SWASH
A high-resolution set of large-scale shoreline change observations was collected from 1997 to 2005 using the ground-based SWASH system (http://woodshole.er.usgs.gov/operations/swash/).  The coastal change observations collected provide a shoreline change signal of unprecedented resolution, revealing patterns of shoreline change along 130 km of coast at an inter-annual (5-year) time scale. Offshore geologic framework observations reveal features in the bathymetry and near-surface sediment distribution that suggest ties to the observed shoreline response. Since 1999, the shoreline position was surveyed 61 times over 130 km of coast from Corolla, near the Virginia-North Carolina border, to the tip of Cape Hatteras. This represents a unique time series for quantifying large-scale coastal evolution.

Back-barrier Coastal System

High-resolution chirp and boomer subbottom profiling systems were used to map Albemarle and Pamlico Sounds (fig. 5). Mapping of the area was conducted in multiple research cruises from 2000 to 2004. The back-barrier study area includes over 3,400 km of boomer and 2,600 km of chirp seismic data. The back-barrier sounds and adjacent tributary estuaries were surveyed using the USGS research vessel, R/V Rafael and a pontoon vessel from East Carolina University referred to as the Doghouse.  The Rafael platform provides rapid access to remote study areas and provides high-quality seismic data in a format that is directly compatible with data collected for the rest of the project.

Geologic Samples

Grab samples were collected at 202 stations using a Van Veen grab sampler on many of the USGS inner shelf cruises to aid in the interpretation of acoustic datasets (fig. 6). The locations of all vibracores used in the interpretation and integration steps of the seismic datasets described above are provided in this report. The cores were collected by various agencies; most were not funded through this research project. Further information on the vibracore datasets can be found in separate publications listed in the metadata.

Additional Bathymetry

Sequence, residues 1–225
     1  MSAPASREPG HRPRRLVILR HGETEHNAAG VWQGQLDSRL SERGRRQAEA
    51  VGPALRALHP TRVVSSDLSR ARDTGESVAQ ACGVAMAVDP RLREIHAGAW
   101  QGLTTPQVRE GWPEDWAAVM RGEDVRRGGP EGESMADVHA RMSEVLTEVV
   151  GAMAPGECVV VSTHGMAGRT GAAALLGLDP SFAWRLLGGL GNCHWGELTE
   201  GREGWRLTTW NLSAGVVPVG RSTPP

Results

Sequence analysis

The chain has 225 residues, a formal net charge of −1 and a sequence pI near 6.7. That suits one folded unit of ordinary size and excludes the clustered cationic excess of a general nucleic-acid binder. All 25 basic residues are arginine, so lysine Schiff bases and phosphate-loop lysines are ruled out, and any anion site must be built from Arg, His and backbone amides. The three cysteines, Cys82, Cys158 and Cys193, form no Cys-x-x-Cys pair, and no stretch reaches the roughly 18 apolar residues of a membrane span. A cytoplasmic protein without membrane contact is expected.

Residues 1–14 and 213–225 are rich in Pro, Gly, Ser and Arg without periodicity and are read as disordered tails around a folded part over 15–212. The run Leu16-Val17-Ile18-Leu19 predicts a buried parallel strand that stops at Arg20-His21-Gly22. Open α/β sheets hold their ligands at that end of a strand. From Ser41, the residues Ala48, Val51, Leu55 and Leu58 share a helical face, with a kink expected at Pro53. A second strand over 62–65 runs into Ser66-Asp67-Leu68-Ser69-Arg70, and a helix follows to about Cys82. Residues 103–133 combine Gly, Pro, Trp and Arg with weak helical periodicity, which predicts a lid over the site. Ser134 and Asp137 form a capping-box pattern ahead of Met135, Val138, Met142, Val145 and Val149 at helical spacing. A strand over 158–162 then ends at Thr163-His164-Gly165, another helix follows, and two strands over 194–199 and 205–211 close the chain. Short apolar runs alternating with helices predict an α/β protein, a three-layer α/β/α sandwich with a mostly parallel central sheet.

The National Geophysical Data Center (NGDC) assembled a gridded database referred to as the Coastal Relief Model (CRM) by merging USGS 3-arc-second digital elevation models with a compilation of hydrographic soundings covering the U.S. East Coast. The CRM extends from the coastal State boundaries to as far offshore as the data will support a continuous view of the sea floor at 3-arc-second resolution.

The National Elevation Dataset (NED) is a seamless dataset maintained by the U.S. Geological Survey and comprised of the best available raster elevation data for the United States. The first priority of source data is quality, high-resolution data, typically derived from lidar or digital photogrammetry. Source data are selected from an expanding inventory of standard production USGS Digital Elevation Model (DEM’s), and also from an increasing number of datasets that are project- or agency-specific.  Further information on the NED can be found at http://ned.usgs.gov/.

The topography and bathymetry depicted in the GeoTIFF raster dataset provided in this report are a compilation and integration of the following data sources:

1) NGDC CRM 90 meter topo/bathy data;
2) Shoaling Waves Experiment (SHOWEX) 900-m bathymetry data;
3) bathymetry data collected as part of this research program; and
4) NED 3 meter topography (elevation) data.

Two gridding errors in the NGDC data south of Cape Hatteras and north of Cape Lookout were corrected during data compilation.  Further information on the NGDC CRM can be found at http://www.ngdc.noaa.gov/mgg/coastal/model.html.

The SHOWEX experiment took place off of Duck, North Carolina in 1999. Further information on the SHOWEX experiment can be found at http://www.mmm.ucar.edu/abl/showex/.